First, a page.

In a different economic environment, such sweeping changes might have created considerable controversy. Finding the right context for a new vision is an important element in gaining people’s confidence. Schutt used the organization’s losses to build a bridge toward strength.
Incorporating change into the planning process is another path to buy in.
Pauli Undesser, CEO of the Water Quality Association cites the current speed of business as one of WQA’s biggest challenges. Online sales condition consumers to expect to receive products within hours or days. “You can’t plug and play the products that our members manufacture,” Undesser notes. Protecting the public from lead and other dangerous contaminants requires a rigorous process.
“So much is happening in our space that it’s not worth our time to plan out five to 10 years. We can’t predict what that future environment will be,” Undesser advises. To prepare for disruptive changes, such as the U.S./China tariff wars, the association creates stakeholder groups. Discussions begin with the staff, and as issues are formalized, bubble up to the stakeholders.
“We make our intentions, strategies, and reasoning as public as possible,” says Undesser. “When there is resistance, we ask that people understand and appreciate the consensus position even if they don’t agree.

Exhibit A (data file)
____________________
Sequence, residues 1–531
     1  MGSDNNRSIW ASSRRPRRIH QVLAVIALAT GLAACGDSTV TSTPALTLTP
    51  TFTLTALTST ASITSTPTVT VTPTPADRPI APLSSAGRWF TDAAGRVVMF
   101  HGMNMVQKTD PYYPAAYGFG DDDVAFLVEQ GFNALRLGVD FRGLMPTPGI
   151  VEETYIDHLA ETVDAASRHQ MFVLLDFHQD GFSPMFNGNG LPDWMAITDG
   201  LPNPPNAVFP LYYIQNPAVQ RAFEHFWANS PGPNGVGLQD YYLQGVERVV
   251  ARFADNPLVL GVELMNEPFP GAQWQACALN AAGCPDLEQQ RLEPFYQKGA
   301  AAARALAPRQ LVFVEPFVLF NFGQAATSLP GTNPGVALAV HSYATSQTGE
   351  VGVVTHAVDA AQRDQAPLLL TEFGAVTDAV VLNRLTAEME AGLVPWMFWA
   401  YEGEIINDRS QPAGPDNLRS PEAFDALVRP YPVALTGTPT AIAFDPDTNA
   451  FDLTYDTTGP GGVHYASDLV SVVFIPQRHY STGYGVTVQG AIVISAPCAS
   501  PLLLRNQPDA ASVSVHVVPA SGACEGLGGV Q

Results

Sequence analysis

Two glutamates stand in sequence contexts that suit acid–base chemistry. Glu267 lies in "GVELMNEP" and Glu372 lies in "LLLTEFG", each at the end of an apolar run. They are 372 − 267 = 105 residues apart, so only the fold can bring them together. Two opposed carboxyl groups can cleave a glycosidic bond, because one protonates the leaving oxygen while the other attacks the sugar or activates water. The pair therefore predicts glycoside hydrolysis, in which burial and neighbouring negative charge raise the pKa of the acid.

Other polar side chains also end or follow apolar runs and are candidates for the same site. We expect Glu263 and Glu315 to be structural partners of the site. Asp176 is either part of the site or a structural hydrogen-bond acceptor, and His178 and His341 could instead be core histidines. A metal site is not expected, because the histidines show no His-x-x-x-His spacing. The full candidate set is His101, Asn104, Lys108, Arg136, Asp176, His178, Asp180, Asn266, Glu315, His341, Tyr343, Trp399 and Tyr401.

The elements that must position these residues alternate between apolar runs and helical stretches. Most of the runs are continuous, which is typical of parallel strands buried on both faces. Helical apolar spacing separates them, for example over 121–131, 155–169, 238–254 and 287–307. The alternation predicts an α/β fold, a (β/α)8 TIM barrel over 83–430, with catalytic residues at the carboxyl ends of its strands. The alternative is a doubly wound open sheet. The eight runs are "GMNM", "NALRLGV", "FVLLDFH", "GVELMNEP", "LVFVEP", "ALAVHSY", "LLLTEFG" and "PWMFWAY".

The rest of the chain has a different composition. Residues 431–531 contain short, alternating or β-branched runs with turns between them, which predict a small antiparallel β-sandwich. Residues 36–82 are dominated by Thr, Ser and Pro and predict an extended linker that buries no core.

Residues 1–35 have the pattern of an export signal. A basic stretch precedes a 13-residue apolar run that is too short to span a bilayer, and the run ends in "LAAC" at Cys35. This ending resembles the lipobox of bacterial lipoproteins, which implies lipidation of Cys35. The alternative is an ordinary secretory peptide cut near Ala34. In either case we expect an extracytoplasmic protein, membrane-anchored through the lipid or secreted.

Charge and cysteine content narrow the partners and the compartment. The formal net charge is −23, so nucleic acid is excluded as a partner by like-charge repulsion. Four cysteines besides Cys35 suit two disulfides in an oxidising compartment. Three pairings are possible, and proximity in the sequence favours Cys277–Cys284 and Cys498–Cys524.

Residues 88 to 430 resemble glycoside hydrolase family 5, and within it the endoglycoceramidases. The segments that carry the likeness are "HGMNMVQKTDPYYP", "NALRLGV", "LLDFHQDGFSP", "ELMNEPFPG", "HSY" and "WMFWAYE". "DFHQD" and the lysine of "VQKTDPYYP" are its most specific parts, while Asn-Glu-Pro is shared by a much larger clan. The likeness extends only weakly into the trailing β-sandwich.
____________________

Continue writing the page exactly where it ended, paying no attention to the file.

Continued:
“To involve as many people as possible, we implemented a rigorous process for declaring a conflict of interest and confidentiality.” The aim is to get buy-in so that when a decision becomes public there will be broad-based support among the membership.
For example, Undesser says, “WQA is engaged in a polarizing discussion about whether plumbers should be members. There are compelling arguments on both sides of this question. We are managing the debate by involving as many people as possible. We’ll look for them to support the decision whether the outcome favors their position or not.”
By creating broad-based consensus, Undesser confronts change with synergy.
Find a Better Direction
Ashkenazi, Schutt, and Undesser understand that change is risky and uncomfortable. But inertia is never the right solution to a challenge. With the courage to introduce a better direction and bring transparency and collaboration to the process, change can become your greatest asset.